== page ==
Death seems the only desirable sequel for a career like this; but Death
is only a launching into the region of the strange Untried; it is but the first salutation to the possibilities of the immense Remote, the Wild, the Watery, the Unshored; therefore, to the death-longing eyes of such men, who still have left in them some interior compunctions against suicide, does the all-contributed and all-receptive ocean alluringly spread forth his whole plain of unimaginable, taking terrors, and wonderful, new-life adventures; and from the hearts of infinite Pacifics, the thousand mermaids sing to them--"Come hither, broken-hearted; here is another life without the guilt of intermediate death; here are wonders supernatural, without dying for them. Come hither! bury thyself in a life which, to your now equally abhorred and abhorring, landed world, is more oblivious than death. Come hither! put up THY gravestone, too, within the churchyard, and come hither, till we marry thee!"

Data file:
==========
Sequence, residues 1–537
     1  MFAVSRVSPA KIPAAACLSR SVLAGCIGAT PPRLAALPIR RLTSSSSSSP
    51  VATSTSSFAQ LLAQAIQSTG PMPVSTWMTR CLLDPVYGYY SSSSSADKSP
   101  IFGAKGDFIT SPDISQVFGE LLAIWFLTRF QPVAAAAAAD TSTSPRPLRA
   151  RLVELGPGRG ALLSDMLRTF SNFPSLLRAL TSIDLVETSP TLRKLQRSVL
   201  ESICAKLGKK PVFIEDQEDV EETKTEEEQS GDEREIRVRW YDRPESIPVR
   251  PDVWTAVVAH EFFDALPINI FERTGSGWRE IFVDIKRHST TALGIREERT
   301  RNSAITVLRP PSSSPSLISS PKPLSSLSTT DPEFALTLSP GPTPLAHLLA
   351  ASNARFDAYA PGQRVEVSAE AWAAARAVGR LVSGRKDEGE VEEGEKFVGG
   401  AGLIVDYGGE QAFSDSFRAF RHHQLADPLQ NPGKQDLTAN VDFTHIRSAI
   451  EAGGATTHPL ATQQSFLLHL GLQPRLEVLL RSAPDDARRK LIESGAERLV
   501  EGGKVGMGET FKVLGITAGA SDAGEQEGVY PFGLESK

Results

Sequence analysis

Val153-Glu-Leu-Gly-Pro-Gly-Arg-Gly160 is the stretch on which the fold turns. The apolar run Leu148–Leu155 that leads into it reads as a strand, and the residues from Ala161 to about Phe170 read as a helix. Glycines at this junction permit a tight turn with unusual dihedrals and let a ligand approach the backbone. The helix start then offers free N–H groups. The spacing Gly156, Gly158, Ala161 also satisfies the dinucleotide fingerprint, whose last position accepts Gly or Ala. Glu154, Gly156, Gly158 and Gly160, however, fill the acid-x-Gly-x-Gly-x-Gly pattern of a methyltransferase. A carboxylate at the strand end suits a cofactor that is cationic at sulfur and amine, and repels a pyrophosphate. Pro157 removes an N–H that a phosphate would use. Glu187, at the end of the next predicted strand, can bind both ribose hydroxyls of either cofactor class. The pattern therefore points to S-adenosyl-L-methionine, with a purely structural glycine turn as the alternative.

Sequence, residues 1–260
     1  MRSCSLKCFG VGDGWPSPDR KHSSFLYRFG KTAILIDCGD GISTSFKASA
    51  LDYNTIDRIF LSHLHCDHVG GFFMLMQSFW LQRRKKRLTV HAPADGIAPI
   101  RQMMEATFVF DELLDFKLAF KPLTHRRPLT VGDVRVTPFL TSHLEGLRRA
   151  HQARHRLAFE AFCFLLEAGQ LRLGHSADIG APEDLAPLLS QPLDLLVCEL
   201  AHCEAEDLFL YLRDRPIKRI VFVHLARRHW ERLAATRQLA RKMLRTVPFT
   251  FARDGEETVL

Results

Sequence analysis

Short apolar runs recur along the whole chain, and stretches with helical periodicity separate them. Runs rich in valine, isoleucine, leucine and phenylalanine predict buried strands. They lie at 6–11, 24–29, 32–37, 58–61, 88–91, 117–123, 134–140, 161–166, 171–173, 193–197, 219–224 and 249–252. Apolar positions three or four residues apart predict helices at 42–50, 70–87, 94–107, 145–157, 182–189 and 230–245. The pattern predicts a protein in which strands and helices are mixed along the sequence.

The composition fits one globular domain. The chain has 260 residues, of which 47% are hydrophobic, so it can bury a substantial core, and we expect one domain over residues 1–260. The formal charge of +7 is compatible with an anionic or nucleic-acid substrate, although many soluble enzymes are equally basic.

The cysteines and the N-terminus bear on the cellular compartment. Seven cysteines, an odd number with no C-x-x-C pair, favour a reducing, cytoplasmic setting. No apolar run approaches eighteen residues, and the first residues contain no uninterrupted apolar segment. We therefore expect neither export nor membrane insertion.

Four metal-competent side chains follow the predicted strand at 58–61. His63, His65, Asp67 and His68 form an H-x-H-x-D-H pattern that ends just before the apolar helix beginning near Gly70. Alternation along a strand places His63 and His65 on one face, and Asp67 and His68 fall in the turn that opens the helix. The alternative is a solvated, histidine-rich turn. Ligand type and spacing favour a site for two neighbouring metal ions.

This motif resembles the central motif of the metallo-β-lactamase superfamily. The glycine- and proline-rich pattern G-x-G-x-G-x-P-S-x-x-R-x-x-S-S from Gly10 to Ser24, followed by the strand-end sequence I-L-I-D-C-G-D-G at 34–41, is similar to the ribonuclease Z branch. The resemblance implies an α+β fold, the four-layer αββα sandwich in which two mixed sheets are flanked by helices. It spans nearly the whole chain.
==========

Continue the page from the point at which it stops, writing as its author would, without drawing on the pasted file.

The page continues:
Herman Melville, Moby Dick, chapter 121
A fascinating quote, that. Never mind that the cause of it was a man driven to destitution by drink - from such prosaic beginnings it opens up a strange metaphysical universe. I've just been replying to a comment on a previous post, about Cormac McCarthy's Outer Dark, and the above passage, which I read this morning, came back to me. Melville's influence on McCarthy is well-known, of course, and McCarthy would certainly recognise the 'region of the strange Untried'. I think it is from (or to) just that strange region that the three strangers in Outer Dark are journeying.